Roughly one year ago, researchers in Myanmar found a new species of beetle encased in amber. At the time, they were unable to describe the insect’s full morphology, so they christened it Mysteriomorphidae (‘mysteriously shaped’). Now, researchers in Europe have reconstructed the insects from four new samples.
These findings allowed the team to better place the species in the tree of life, finding it is closely related to a living family of beetles.
The current findings were made possible by a collaboration between members from the University of Bonn, Germany, and Palacky University, in the Czech Republic. They used computer tomography (CT) to study the body structure (morphology) of the beetles from four specimens found encased in amber since the species was first described.
Some of these specimens were very well preserved, allowing the team to carry out a digital reconstruction of their bodies from CT scans. This technique has seen ample use in paleontology as it allows researchers to study tiny features of fossils, even internal ones, without damaging the specimen.
This isn’t the first attempt to describe the outer morphology of Mysteriomorphidae. However, previous research still left some open questions, which the current results answer. In particular, they were able to take a better look at the insect’s thorax, abdomen, and mouthparts, which are tell-tale elements of individual beetle families.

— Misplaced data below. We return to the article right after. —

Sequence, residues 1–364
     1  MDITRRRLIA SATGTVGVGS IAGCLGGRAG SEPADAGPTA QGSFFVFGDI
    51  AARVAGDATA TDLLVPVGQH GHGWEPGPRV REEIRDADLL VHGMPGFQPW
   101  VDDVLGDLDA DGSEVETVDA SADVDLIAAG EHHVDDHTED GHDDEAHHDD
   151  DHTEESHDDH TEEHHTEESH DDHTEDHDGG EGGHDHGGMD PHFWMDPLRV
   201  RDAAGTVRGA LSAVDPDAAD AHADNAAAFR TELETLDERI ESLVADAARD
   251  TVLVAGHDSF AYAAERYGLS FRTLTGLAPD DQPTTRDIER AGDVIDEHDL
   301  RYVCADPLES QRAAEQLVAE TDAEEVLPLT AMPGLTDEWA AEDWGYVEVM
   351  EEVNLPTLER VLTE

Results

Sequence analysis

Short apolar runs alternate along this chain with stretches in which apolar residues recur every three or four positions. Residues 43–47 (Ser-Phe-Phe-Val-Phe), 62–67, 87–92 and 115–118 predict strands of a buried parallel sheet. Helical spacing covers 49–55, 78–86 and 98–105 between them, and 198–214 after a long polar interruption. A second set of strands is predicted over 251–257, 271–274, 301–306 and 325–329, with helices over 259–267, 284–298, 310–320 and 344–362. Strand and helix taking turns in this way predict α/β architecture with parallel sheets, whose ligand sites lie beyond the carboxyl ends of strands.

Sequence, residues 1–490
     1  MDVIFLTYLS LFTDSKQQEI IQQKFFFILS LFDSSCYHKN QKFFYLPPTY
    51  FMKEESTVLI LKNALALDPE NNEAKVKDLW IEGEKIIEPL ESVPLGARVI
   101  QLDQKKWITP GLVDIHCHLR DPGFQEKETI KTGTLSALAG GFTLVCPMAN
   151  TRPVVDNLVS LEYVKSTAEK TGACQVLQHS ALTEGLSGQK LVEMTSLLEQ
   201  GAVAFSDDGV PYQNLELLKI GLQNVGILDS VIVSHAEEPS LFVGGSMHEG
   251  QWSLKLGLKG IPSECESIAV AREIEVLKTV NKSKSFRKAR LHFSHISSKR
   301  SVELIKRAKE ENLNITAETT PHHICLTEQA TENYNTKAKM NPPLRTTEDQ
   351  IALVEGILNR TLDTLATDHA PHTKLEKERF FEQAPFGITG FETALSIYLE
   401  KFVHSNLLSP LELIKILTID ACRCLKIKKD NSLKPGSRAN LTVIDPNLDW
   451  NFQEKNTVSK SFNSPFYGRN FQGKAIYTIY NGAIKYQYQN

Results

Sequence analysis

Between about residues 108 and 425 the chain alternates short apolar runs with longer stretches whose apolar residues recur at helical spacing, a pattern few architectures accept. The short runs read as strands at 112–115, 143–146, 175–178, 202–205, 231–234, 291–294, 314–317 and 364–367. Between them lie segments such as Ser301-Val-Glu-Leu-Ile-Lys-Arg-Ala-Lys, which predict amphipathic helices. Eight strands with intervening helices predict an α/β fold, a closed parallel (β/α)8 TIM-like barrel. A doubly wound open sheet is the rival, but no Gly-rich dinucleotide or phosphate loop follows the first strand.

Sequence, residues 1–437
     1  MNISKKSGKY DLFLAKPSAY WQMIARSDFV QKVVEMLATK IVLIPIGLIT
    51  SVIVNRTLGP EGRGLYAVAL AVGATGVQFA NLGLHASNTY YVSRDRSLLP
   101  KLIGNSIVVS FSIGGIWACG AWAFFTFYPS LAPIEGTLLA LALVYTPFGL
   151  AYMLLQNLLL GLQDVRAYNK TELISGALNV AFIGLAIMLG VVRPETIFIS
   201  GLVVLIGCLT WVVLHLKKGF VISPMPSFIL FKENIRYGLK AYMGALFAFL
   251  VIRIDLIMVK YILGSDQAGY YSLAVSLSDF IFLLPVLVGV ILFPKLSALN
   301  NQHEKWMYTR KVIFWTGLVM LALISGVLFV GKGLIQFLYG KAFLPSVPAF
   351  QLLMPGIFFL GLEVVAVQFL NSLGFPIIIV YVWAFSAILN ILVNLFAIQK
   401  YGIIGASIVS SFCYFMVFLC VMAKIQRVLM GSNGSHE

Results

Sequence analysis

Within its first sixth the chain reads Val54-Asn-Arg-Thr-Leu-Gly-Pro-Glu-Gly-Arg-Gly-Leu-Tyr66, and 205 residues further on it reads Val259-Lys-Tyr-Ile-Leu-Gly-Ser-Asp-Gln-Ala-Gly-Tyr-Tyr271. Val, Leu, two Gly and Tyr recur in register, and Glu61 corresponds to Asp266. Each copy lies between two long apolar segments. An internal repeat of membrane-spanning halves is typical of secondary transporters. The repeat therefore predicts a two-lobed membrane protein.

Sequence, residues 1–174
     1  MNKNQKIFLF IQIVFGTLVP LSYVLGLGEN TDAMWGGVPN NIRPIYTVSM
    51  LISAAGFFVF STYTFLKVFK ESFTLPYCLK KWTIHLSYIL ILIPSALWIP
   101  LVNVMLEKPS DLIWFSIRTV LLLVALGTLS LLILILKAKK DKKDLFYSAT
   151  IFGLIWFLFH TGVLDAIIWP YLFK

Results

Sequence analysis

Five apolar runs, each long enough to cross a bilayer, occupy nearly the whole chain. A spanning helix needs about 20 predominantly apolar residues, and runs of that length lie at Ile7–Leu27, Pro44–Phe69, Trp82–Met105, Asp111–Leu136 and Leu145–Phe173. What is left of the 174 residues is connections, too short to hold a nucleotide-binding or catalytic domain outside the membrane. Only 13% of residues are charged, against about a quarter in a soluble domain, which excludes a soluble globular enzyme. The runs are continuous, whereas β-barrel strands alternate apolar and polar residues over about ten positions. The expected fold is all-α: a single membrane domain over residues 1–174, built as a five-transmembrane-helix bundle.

“We used the morphology to better define the placement of the beetles and discovered that they were very closely related to Elateridae, a current family,” explains Dr. Robin Kundrata from Palacky University, co-lead of the study and an expert on this family of beetles.
Earlier models had pointed to beetles enjoying a low extinction rate throughout their evolutionary history, even through periods such as the Cretaceous period when extinctions were the name of the game (this time saw the dinosaurs wiped out). But species such as Mysteriomorphidae and similar groups of beetles are known only from Cretaceous ambers, suggesting that they didn’t survive past this period of time.
The team believes this comes down to the rapid development and expansion of flowering plants during the Cretaceous period. These essentially reshaped most ecosystems of the time, placing extra pressure on the species adapted to the previous status quo. This expansion made it possible for pollinators to evolve, which outcompeted many of the previous species of insects.
“Our results support the hypothesis that beetles, but perhaps some other groups of insects, suffered a decrease in their diversity during the time of plant revolution,” says Dr. David Peris, one of the two main authors of the study.
The paper “Unlocking the mystery of the mid-Cretaceous Mysteriomorphidae (Coleoptera: Elateroidea) and modalities in transiting from gymnosperms to angiosperms” has been published in the journal Scientific Reports.